as it won’t be able to prevent inconsistent state from being invisible to
the app. Therefore its best to restrict this to cases where state is being
constructed, and fail the construction if the guard fails (hence init() )

Best,

Taras

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(Taras Zakharko) #3

Clarifying questions as comments:

    guard device = MTLCreateSystemDefaultDevice() else {
        fatalError()
    }
    device = nil // Is this still allowed here?

Device instance variable is not an optional — so, no. The entire point of this would be to init potentially failable substate without having to deal with forcibly unwrapped optionals or having guards every time when substate needs to be accessed etc.

    device.newDefaultLibrary() // Is this allowed without optional chaining?

Sure

Also, I don't see any reason this idea should be restricted to instance variables. It could work for any variable, I think, but in any case it gets tricky if the value is mutated again afterwards.

The problem as I see it is that guard enforces state consistency. If the guard fails, any code that access the guarded state becomes invalid. This is why guard else clause requires one to leave the enclosing scope — to ensure that the guarded variables cannot be accesses in valid code. If one extends the binding to other variables, one runs into the problem that these variables can be accessed from outside. This is why I am suggesting to restrict guard to constructors only and fail the object construction if the guard fails.

— Taras

···

On 11 Apr 2016, at 10:05, Jacob Bandes-Storch <jtbandes@gmail.com> wrote:

Jacob

On Mon, Apr 11, 2016 at 12:31 AM, Taras Zakharko via swift-evolution <swift-evolution@swift.org <mailto:swift-evolution@swift.org>> wrote:
One place where I find myself using the guard statement a lot is state initialisation. E.g. in init()

guard let
           device = MTLCreateSystemDefaultDevice(),
           library = device.newDefaultLibrary()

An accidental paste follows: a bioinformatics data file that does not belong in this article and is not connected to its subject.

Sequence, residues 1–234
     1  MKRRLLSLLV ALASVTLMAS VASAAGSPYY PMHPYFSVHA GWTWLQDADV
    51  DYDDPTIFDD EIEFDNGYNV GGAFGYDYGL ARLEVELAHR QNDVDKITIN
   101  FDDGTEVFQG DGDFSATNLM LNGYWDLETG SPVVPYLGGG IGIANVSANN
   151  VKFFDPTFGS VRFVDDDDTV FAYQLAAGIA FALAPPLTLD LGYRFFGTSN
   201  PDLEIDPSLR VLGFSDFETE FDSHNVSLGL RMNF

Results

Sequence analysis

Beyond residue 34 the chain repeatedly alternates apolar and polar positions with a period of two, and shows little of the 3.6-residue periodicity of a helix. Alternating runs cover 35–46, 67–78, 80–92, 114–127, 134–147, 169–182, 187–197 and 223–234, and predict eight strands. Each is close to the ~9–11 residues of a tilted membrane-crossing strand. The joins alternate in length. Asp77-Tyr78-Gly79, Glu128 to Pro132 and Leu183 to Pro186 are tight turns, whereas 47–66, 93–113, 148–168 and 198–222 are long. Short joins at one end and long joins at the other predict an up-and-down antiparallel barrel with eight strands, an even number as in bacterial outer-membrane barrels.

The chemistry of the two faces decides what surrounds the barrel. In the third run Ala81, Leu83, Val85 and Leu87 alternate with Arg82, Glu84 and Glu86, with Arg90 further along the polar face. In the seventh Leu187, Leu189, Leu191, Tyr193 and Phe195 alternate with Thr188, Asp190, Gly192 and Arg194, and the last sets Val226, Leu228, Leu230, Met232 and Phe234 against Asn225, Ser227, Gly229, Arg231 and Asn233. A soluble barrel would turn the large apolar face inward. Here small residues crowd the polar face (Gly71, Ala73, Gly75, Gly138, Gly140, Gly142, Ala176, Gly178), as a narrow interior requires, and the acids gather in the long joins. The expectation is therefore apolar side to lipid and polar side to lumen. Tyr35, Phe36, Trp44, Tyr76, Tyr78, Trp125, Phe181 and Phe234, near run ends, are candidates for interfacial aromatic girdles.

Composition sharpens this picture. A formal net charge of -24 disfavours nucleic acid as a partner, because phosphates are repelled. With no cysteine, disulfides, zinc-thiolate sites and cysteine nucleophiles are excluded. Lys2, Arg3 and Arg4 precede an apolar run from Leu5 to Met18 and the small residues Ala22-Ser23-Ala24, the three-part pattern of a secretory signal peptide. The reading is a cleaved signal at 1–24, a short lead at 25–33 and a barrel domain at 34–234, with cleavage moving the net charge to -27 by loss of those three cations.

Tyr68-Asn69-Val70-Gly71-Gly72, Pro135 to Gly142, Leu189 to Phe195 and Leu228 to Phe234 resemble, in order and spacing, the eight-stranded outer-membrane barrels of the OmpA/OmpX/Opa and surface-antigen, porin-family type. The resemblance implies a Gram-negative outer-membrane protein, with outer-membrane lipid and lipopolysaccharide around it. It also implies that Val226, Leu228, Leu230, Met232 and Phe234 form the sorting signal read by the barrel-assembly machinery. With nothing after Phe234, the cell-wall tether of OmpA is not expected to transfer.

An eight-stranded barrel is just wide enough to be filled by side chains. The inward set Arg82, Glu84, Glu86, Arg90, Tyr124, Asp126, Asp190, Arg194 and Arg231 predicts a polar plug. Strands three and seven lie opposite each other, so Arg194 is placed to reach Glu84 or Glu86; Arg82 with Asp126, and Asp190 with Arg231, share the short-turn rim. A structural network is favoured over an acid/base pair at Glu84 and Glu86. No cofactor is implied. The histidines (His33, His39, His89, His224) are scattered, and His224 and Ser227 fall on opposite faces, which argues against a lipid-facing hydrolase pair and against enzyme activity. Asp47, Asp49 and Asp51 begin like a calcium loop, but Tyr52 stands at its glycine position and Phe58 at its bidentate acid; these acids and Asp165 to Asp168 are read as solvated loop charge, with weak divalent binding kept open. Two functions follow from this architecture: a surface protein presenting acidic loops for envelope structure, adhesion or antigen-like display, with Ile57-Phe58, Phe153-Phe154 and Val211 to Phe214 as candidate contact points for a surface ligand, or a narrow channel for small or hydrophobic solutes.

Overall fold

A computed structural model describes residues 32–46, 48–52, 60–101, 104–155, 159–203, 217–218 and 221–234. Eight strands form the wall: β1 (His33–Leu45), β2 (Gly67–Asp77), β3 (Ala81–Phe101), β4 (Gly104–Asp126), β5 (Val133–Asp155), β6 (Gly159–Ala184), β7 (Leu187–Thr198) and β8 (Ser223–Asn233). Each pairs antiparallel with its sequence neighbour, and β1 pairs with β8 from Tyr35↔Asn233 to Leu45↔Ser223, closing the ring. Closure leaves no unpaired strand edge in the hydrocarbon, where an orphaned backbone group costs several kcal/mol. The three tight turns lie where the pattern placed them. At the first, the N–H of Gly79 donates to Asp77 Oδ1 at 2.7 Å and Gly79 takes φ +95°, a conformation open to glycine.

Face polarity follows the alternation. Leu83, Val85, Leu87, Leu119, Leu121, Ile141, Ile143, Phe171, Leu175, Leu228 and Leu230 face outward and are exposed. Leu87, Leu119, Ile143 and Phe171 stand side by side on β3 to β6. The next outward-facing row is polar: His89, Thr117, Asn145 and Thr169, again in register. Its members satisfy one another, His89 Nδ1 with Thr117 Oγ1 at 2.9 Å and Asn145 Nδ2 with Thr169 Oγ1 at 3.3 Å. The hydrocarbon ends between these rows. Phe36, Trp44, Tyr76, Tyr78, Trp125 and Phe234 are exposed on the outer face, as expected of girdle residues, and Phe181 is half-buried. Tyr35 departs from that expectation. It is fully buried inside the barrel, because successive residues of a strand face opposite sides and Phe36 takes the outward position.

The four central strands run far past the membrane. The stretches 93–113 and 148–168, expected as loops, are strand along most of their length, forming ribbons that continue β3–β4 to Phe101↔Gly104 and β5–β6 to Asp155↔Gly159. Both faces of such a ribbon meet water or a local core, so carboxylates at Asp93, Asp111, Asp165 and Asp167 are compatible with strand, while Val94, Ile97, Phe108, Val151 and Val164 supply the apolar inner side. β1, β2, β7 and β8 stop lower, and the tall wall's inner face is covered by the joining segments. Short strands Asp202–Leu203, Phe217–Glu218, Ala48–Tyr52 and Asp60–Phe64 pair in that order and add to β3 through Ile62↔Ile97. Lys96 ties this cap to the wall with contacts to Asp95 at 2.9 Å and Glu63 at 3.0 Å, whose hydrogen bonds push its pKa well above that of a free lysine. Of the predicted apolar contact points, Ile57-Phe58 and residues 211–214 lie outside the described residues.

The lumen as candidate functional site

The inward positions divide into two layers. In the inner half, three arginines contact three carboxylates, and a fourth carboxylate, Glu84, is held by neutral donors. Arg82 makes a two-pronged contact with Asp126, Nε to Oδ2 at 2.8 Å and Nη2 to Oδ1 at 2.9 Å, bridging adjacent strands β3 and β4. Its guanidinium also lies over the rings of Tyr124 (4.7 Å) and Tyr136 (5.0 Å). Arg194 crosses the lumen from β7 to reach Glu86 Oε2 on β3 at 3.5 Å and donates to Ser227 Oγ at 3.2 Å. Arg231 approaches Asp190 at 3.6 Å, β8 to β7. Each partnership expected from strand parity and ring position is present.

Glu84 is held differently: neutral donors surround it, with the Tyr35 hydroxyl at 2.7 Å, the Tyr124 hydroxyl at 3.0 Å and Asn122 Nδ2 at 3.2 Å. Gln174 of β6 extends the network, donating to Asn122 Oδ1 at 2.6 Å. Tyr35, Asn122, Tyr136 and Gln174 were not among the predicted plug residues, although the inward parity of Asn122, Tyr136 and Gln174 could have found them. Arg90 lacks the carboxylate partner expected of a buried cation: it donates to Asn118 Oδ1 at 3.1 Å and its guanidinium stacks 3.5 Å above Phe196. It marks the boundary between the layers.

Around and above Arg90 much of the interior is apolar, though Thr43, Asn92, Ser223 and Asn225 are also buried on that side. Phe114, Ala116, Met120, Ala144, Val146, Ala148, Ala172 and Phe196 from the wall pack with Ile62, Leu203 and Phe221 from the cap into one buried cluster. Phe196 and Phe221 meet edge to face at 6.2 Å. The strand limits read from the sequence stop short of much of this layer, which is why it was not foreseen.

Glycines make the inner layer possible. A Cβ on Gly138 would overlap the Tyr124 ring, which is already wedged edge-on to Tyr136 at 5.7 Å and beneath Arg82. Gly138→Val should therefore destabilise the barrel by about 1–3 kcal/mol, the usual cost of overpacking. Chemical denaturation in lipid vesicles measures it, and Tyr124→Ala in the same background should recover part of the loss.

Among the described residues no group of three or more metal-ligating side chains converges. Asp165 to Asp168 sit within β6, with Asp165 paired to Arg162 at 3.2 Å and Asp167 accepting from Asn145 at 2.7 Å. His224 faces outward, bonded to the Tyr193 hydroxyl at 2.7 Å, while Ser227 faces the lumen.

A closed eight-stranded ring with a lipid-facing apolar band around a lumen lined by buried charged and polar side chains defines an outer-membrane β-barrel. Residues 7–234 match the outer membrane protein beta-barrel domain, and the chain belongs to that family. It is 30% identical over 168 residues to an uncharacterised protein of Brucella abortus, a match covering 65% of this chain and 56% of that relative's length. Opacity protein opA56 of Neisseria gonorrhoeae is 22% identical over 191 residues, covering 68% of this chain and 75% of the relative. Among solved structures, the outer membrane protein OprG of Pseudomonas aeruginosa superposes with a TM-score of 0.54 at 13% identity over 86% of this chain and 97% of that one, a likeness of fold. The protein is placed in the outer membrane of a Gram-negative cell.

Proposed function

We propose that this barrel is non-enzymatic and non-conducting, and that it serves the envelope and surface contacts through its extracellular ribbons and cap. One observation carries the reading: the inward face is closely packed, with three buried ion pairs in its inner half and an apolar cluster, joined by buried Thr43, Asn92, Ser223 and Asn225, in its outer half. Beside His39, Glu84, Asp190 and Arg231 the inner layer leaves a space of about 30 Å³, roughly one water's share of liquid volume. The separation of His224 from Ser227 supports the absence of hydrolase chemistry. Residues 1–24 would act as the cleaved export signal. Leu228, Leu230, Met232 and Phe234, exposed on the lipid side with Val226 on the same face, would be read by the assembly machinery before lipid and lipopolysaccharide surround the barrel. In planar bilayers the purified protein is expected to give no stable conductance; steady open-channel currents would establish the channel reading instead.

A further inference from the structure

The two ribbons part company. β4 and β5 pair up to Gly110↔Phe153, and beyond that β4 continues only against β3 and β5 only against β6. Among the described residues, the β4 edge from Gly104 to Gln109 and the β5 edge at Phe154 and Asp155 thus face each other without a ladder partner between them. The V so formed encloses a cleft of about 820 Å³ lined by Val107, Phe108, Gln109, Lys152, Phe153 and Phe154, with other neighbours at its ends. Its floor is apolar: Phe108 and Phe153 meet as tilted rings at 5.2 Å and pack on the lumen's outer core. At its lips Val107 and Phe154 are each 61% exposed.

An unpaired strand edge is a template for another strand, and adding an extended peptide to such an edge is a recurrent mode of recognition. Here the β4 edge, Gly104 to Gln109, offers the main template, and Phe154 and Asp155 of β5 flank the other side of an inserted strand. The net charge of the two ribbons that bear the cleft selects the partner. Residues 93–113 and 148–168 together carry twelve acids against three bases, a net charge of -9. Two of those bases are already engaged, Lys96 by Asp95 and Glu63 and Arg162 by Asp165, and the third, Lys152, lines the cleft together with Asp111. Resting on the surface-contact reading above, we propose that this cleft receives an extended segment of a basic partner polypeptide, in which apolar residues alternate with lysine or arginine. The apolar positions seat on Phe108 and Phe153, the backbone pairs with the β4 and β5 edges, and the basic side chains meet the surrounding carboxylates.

else {
   fatalError(“Could not initiallize Metal, aborting”)
}

Here, the two variables device and library are intended to be instance variables of an engine backbone system. However, because optional binding in guard can only introduce new local statements, one needs to add additional boilerplate in the end, e.g.:

self.device = device
self.library = library

What I want to propose is a very simple QOL enhancement: allow optional binding to be used with instance variables in the constructors. If the binding fails, the instance construction cannot proceed (the relevant scope is the instance). The syntax would be

guard device = MTLCreateSystemDefaultDevice(),
           library = device.newDefaultLibrary()
else {
   fatalError(“Could not initiallize Metal, aborting”) // or return nil
}

Few notes:

- This would only apply to guard statement, because binding in the if statement only applies to the internal if scope by definition
- One could also ask for instance optional binding in any context where instance assignment is legal. However, this would make guard inconsistent, as it won’t be able to prevent inconsistent state from being invisible to the app. Therefore its best to restrict this to cases where state is being constructed, and fail the construction if the guard fails (hence init() )

Best,

Taras

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swift-evolution mailing list
swift-evolution@swift.org <mailto:swift-evolution@swift.org>